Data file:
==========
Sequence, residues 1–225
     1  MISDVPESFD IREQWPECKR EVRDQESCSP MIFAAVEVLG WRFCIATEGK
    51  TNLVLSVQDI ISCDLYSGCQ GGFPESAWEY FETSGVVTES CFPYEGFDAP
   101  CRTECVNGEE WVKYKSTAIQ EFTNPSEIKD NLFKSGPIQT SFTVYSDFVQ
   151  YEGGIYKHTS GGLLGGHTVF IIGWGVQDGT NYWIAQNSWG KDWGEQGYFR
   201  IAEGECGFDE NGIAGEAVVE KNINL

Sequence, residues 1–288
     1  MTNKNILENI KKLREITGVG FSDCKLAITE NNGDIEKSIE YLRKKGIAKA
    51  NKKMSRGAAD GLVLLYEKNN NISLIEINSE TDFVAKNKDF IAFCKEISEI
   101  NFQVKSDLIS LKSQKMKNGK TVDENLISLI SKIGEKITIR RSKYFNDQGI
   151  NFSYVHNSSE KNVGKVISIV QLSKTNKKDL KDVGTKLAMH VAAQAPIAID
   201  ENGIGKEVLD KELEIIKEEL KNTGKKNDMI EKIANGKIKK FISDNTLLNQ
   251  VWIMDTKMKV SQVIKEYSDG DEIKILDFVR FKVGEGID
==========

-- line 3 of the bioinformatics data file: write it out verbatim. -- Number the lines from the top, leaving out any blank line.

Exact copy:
    51  TNLVLSVQDI ISCDLYSGCQ GGFPESAWEY FETSGVVTES CFPYEGFDAP